His thoughts are similar on Harawira, who stood in Te Tai Tokerau but was beaten soundly by Kelvin Davis.
In October, Harawira launched a scathing attack on Jackson calling him a “dirty, lowdown skunk” over comments that Māori had moved on from the foreshore and seabed legislation.
Jackson says he is glad Harawira won’t be a disrupting factor in Parliament and was disappointed to see him flinging insults on television.
“What’s our relationship now? Nothing. Will we patch it up one day? Maybe. The kaupapa’s bigger than our own relationships but I’ve made it clear to him don’t get in touch with me again.
“I don’t need to be reminded about being Māori, I was born a Māori, I wake up one every day...that’s an insult.”
Jackson believes it’s now time for a big, strong party rather than individual voices and can’t see the need for a Māori political party.
The Māori Party itself was a product of the great anger at the time regarding the foreshore and seabed betrayal and, while the future could bring about circumstances that required its regeneration, now is not the time, he says.
“We’ll get to the foreshore and seabed and other stuff but those are not priorities for us, we were very clear in terms of our campaign don’t talk about tino rangatiratanga or foreshore and seabed when you’ve got families that are sleeping in cars.”
Improving the quality of life for Māori on the bottom rung will be one of Jackson’s key priorities as the new Employment Minister.
He’s dismissive of National’s claims about the high average wage, saying the figure is misleading and boosted by a few high earners while many struggle to survive on $20,000 to $30,000.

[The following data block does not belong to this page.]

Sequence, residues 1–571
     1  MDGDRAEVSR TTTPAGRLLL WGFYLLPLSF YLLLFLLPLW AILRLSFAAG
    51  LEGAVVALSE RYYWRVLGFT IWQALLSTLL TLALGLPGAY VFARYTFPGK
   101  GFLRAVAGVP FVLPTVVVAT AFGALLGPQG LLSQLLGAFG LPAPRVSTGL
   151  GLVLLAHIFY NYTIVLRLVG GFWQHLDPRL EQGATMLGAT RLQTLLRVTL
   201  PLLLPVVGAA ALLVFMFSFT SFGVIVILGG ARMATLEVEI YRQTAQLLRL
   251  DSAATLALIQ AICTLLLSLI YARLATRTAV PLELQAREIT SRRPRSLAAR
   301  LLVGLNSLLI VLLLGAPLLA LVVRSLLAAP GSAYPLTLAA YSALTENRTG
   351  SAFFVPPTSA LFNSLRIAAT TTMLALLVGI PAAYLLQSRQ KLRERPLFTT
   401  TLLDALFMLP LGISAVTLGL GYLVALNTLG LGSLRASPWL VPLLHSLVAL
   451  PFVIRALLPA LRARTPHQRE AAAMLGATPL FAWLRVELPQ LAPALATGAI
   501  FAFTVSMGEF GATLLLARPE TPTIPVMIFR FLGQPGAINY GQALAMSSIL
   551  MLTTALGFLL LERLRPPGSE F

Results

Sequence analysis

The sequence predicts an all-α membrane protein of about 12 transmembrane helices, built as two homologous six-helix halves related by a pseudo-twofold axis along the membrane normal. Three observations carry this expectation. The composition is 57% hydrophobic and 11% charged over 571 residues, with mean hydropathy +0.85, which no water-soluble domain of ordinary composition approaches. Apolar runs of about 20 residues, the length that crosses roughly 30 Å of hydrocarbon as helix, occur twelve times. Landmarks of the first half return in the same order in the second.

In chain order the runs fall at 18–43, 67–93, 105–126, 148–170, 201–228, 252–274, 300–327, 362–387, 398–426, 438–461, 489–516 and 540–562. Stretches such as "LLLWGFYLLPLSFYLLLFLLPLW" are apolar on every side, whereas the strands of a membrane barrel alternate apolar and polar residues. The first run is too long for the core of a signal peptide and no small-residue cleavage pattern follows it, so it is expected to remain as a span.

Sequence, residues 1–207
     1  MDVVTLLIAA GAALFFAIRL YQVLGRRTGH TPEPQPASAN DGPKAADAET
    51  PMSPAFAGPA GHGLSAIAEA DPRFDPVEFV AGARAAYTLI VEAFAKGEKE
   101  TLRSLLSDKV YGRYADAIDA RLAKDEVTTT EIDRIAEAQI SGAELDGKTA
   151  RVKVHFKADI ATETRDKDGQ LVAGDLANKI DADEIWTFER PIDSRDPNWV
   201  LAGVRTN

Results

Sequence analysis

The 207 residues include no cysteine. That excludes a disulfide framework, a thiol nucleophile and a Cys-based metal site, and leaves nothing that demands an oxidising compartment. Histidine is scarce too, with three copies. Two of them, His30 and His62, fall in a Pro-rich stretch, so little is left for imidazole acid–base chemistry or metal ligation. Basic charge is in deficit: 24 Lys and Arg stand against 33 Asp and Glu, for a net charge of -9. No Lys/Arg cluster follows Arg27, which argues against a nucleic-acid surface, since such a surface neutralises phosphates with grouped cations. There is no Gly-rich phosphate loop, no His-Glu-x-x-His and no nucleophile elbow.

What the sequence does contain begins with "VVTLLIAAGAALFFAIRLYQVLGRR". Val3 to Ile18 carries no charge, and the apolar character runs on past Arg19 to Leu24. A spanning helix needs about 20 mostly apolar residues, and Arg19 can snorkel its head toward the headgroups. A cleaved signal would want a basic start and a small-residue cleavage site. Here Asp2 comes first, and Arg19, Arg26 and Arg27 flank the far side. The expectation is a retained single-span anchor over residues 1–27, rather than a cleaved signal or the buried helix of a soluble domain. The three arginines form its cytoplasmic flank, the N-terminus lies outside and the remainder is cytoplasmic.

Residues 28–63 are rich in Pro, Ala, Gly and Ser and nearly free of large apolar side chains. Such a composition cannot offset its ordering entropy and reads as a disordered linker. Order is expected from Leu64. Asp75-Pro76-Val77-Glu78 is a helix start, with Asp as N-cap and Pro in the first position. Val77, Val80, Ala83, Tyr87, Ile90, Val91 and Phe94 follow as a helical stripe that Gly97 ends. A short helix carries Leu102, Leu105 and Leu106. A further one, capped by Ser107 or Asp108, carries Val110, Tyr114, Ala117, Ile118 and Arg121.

Before any big changes, Jackson admits he has some catching up to do.
"They’re a forgotten group, it’s almost like 'oh who cares about them?' Well I care.”
Having not kept a close eye on the unemployment rate he was surprised to be told by officials after becoming Minister that it was at its lowest rate in a decade.
“When I came in I said to officials ‘geez how do we win this, how do we become the Government’ because they said ‘there you go Minister, 4.6 percent, lowest it’s ever been’ so you would think the old Employment Minister might be redundant but far from it, look at the Māori unemployment rate, look at the Pacific Island employment rate.”
There’s plenty to do lifting wages in West and South Auckland, as well for the disabled community, but the Government’s first priority will be the regions.
There was early controversy over comments from Shane Jones, the Regional Economic Development Minister, about getting young unemployed Māori into work through a “work for the dole” scheme.
The language created a predictable avalanche of media coverage and was quickly dismissed by the Government.
Jackson is not a fan either and says while he is not opposed to a bit of tough love some people are not ready for work.
“I think I’ve been clear about that, he’s got his own language, the brother’s got his own language and that might earn him a few points with New Zealand First.”
Cutting off the dole could mean whole families suffered, when what the person really needed was six to 12 months of quality training.
Jackson will take a paper to Cabinet this week with a set of proposals to boost the resources of NGOs in different regions that are struggling financially.
He’s confident of getting Finance Minister Grant Robertson’s backing as the area is a priority.
“They (the NGOs) say they’ve got the strategies and we’re hopefully going to support them ... they’re a forgotten group, it’s almost like 'oh who cares about them?' Well I care.”